Walter Morrow, pioneering electrical engineer and former MIT Lincoln Laboratory director, dies at 88

Walter Morrow

A leader in the development of advanced satellite communication systems, Morrow led Lincoln Laboratory for 21 years.


Press Contact

Dorothy Ryan
Email: dryan@ll.mit.edu
Phone: 781-981-8616
MIT Lincoln Laboratory

Walter E. Morrow, a pioneering electrical engineer and the director of MIT Lincoln Laboratory from April 1977 to June 1998, passed away on Sunday, Feb. 12, at his home in Weston, Massachusetts. He was 88 years old.

Morrow ’49, SM ’51 began his career at Lincoln Laboratory after his 1951 graduation from MIT with degrees in electrical engineering. He joined the laboratory’s Long Range Communications Group, where his early research and development work was in ionospheric and tropospheric beyond-the-horizon communication techniques. As leader of the Systems Engineering Group from 1955 to 1964, he designed and directed Project West Ford, a series of experiments that demonstrated the feasibility of using orbiting thin-wire reflectors to support long-range, high-frequency radio transmissions. For this work, Morrow received an MIT Outstanding Achievement Award that cited his “imaginative contribution to a new concept of intercontinental microwave communication.”

Throughout his career, Morrow was a pioneer in the development of advanced satellite communication systems for the U.S. military. Under his leadership and through his collaborations with staff and sponsors, the Laboratory’s Lincoln Experimental Satellite program developed a wide range of critically important technologies. Much of this technology continues to be central to military satellite communication systems used by the United States and its allies.

Morrow helped to guide Lincoln Laboratory’s expansion into new areas of research and development. In 1969, while assistant director, he led a study group that investigated the possibility of establishing a major air traffic control program at the laboratory. Because of his recommendation to move forward, the laboratory created and has sustained a strong air traffic control program that has developed many important weather forecasting and aircraft safety systems over the past 36 years.

Morrow also had the foresight to initiate the South Laboratory and Microelectronics Laboratory building projects. Both projects resulted in major improvements in Lincoln Laboratory facilities, and the upgraded prototyping and technology development spaces had a major impact on the success of programs at the laboratory.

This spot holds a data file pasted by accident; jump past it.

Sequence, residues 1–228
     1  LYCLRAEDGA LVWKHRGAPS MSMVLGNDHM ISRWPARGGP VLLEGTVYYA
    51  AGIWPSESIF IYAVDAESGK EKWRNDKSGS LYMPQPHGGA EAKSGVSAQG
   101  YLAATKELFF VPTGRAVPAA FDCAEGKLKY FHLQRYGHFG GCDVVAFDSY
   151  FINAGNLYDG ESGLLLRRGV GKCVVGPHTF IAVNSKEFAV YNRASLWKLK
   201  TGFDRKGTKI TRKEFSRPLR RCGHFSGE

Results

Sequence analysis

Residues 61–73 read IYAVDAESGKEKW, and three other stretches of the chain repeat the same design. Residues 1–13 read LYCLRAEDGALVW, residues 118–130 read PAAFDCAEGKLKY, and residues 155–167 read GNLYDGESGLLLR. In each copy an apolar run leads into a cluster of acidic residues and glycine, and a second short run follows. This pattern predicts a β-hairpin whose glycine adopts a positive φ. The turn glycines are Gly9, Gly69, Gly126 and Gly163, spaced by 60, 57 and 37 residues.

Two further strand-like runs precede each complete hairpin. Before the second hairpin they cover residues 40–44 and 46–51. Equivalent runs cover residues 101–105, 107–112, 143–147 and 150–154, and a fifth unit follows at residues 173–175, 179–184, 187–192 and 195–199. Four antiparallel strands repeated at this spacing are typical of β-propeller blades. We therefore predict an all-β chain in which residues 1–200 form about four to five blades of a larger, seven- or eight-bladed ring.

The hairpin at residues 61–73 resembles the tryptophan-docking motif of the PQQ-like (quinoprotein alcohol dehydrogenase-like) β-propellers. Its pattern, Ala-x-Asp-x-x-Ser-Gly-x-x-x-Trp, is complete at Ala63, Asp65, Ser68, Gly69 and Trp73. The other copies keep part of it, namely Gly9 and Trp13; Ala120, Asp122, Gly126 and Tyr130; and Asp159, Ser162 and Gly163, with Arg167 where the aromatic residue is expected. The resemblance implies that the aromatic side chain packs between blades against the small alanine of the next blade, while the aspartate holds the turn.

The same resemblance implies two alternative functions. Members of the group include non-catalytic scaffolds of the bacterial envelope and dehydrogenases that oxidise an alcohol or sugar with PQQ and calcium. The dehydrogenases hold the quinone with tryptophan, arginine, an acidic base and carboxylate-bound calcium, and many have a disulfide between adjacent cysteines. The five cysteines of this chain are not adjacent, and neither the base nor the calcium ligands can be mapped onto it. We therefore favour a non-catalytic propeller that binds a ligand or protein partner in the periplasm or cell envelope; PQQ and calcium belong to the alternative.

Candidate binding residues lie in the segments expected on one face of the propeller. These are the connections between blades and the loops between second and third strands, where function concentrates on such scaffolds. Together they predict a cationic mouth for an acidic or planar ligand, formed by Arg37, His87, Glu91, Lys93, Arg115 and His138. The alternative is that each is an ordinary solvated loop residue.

Morrow served on the Defense Science Board as a member from 1987 to 2002 and as a senior fellow from 2002 to 2009, contributing to dozens of task forces in areas such as space superiority, advanced semiconductors, homeland protection, and air defense. Morrow was a member of the Chief of Naval Operations Executive Panel for 37 years, the Naval War College Board of Advisors, the Air Force Scientific Advisory Board, and NASA's Advisory Council.

During his distinguished career, Morrow received numerous awards, including the Department of Defense Medal for Distinguished Public Service in 1998, the Department of Defense Outstanding Public Service Award in 2010, and the Navy Superior Public Service Award in 2015. He was elevated to the level of fellow in the Institute of Electrical and Electronics Engineers (IEEE) in 1966 and was elected a member of the National Academy of Engineering in 1978. 

Through his example, Morrow promoted an exceptional level of technical excellence and integrity, and left a profound impact on Lincoln Laboratory and many programs for our nation’s defense. 

Morrow was married for 65 years to the late Janice (Lombard) Morrow and is survived by his sons Clifford and Gregory Morrow, his daughter Carolyn Morrow, two grandsons, and a great-grandson. Information on visiting hours and a memorial service on Friday, Feb. 17, can be found at the Brasco and Sons website.


Topics: Lincoln Laboratory, Staff, Obituaries, Electrical Engineering & Computer Science (eecs), Alumni/ae, Security studies and military

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